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Implementation, monitoring are next steps with sage grouse

by Wyoming Livestock Roundup

Lander – “Getting people to care is the biggest hurdle, and sage grouse have a remarkable amount of effort being dedicated to them,” said Deputy Field Supervisor Scott Hicks of the U.S. Fish and Wildlife Service (FWS) at the recent Sage Grouse Conference in Lander sponsored by the Wyoming Dept. of Ag.
    “There are a lot of positive things, and a lot of challenges,” he said. “The needs of the sage grouse cross land ownerships and aren’t something a single type of habitat will conserve. Needs vary, and this presents challenges and opportunities.”
    “I think with the support we’ve experienced we can be successful,” said Deputy Director of External Operations John Emmerich of the Wyoming Game and Fish Dept. (WGFD). “If Wyoming can’t be successful with all the things we’re doing, we’re not going to get anything done throughout the range in the West.”
    Emmerich said the next two steps in sage grouse conservation are important: effectively putting management practices on the ground through working with the ag community and then monitoring the results – both successes and failures. “Those are the two activities that are going to determine if we’re successful in managing sage grouse in this state.”
    “There’s been a lot of concern over whether or not the Governor is trying to supplant the local working groups, and I’ll tell you, ‘No,’” said Gov. Freudenthal’s Deputy Chief of Staff Ryan Lance of the interplay between the local working groups, the Governor’s summit and the resulting sage grouse implementation team.
    “The Summit was brought about because in Wyoming we do things differently across the landscape from corner to corner, and we needed to knit together the local working group plans with an overarching strategy,” explained Lance. “We did that with the initial statewide working group, but a lot of things have changed so the thought was to hold the Summit to see where we’re at.”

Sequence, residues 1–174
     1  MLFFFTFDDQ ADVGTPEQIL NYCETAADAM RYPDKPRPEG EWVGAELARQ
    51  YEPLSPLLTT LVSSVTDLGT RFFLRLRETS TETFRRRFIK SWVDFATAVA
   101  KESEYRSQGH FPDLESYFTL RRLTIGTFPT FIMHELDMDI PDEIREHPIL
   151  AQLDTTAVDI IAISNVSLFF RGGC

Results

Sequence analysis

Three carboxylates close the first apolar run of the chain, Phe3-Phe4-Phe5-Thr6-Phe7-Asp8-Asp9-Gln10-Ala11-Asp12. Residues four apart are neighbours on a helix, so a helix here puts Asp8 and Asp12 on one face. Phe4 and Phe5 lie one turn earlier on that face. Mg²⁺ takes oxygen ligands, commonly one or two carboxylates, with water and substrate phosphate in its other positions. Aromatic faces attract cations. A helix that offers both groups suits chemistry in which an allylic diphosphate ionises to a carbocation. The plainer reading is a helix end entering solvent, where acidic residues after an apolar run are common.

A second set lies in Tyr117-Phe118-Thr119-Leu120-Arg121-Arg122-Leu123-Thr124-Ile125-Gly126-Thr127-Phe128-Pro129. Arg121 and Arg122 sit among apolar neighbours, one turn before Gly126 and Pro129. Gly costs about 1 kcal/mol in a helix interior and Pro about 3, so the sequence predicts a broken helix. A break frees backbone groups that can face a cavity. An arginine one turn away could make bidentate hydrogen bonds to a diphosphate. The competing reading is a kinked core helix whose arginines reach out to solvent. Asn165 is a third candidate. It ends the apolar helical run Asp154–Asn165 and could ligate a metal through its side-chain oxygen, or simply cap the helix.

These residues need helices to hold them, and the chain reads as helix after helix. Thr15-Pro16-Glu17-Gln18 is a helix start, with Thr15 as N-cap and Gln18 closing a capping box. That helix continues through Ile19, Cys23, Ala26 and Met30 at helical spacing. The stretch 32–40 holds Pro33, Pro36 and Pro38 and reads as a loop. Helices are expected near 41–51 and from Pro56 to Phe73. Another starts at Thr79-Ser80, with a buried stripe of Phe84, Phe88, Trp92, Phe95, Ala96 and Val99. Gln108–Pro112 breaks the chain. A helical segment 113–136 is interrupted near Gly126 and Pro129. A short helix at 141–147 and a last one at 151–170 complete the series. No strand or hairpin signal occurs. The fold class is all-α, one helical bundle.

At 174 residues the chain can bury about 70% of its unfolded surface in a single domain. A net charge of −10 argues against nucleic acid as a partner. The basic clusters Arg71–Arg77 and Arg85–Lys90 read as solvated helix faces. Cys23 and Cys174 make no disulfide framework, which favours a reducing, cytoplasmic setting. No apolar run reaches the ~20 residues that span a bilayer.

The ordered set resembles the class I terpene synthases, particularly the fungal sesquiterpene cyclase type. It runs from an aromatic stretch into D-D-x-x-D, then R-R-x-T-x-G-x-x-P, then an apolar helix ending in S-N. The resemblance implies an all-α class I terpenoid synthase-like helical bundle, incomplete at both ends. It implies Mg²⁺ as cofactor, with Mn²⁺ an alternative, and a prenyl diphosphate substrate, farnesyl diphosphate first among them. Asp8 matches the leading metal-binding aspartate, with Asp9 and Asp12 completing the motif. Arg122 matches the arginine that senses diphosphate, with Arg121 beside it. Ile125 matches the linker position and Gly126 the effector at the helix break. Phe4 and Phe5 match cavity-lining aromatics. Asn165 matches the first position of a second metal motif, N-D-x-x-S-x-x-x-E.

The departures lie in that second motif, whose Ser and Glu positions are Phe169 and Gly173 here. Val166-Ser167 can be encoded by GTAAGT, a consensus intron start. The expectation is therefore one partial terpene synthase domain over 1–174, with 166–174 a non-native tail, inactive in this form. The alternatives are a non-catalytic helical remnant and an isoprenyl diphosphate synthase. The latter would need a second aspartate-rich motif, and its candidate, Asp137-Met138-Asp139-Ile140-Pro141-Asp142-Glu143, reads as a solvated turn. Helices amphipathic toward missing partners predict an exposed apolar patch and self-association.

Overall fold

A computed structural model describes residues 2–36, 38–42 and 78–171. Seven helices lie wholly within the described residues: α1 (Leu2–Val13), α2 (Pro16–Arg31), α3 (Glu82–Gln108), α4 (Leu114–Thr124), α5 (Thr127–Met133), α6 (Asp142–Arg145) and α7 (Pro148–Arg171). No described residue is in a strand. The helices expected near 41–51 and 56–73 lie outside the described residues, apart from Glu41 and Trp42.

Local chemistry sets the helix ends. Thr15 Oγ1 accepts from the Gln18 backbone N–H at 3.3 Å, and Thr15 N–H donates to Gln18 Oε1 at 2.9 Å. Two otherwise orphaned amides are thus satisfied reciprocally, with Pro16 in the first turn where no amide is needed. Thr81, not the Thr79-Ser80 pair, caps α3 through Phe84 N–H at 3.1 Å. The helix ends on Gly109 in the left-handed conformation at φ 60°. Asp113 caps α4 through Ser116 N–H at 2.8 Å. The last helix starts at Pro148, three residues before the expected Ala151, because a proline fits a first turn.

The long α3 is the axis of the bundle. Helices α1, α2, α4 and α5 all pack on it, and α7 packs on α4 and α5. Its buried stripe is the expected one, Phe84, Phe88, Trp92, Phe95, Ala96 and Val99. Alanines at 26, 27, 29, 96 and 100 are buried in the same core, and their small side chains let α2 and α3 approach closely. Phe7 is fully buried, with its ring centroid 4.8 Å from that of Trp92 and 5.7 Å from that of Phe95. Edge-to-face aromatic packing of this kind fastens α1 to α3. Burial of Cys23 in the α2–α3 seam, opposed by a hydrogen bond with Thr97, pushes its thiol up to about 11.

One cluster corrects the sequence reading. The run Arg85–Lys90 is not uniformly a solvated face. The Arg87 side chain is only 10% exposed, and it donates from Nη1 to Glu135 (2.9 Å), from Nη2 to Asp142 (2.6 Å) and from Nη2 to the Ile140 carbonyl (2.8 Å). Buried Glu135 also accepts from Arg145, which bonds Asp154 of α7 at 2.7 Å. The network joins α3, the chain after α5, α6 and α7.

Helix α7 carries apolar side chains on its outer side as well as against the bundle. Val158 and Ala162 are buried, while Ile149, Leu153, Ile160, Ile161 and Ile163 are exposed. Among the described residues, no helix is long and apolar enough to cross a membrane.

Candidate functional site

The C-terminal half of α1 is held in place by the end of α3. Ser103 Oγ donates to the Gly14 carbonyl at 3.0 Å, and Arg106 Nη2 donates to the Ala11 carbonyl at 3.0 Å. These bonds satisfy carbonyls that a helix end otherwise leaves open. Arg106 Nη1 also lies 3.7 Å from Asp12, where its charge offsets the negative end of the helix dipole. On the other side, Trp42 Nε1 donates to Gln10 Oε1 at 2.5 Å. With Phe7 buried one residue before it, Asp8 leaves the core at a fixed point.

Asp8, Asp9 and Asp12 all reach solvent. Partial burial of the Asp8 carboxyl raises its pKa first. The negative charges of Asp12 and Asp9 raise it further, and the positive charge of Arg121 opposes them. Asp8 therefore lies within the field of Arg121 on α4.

“The Western Association of Fish and Wildlife Agencies (WAFWA) came up with a conservation strategy written for the 11 western states, but if we’re going to do this the right way in Wyoming we need to do it our way,” said Lance. “FWS instructed us to talk about what our state-specific conservation strategy would be.”
    “The course forward is for us to take that strategy, implement it through the local working groups and come forward with a statewide framework we can use to tell FWS we have a plan to conserve sage grouse and that, whatever happens in the other 10 states, Wyoming doesn’t need to be listed,” said Lance.
    “Many folks are talking about CCAA’s (Candidate Conservation Agreements with Assurances), but I tell the ag community to be patient,” said Lance. “The thought is we’ll set a statewide strategy and, from that, the state will sit down and talk with FWS to navigate a programmatic CCAA so landowners don’t have to individually navigate them. The state can navigate the generalities and individual landowners can tier from that.”
    In regard to CCAA’s, Hicks said, “We don’t have the ability to do individual agreements across the range, but we’re behind the efforts by the state for a statewide plan.”
    In addition, Lance said it’s the obligation of the FWS and the state to compile the programmatic document for CCAA’s, regardless of the cost. “It’s a service for the government to deliver – to sit in as buffer,” he said, explaining that landowners don’t need to pay contractors to compile their CCAA.
    Executive Director Bob Budd of the Wyoming Wildlife and Natural Resource Trust (WWNRT) said the CCAA’s come down to a question of who’s going to deal with FWS. “One option is every single landowner can deal with FWS individually and have their CCAA published in the Federal Register and have it subject to appeal, or for the state to publish once and then use the local working groups to implement the agreements. That leaves the state in the position of working with FWS, and to me that makes good sense.”
    “We’ve never had the resources we have today, and that’s important for people to understand. That $8 million appropriated by the Legislature this year is more than we had three years ago, and as we work forward, for every dollar we spend we can pick up six more from other sources,” said Budd of the matching opportunities presented through groups like the WWNRT
    Of the implementation team, which Budd leads, he said, “This is not an attempt to go in and say, ‘Everyone do something different,’ but rather, ‘Keep doing what you’re doing, and do it well to preclude any kind of an action that might take place.’”
    Christy Hemken is assistant editor of the Wyoming Livestock Roundup. Send comments on this article to

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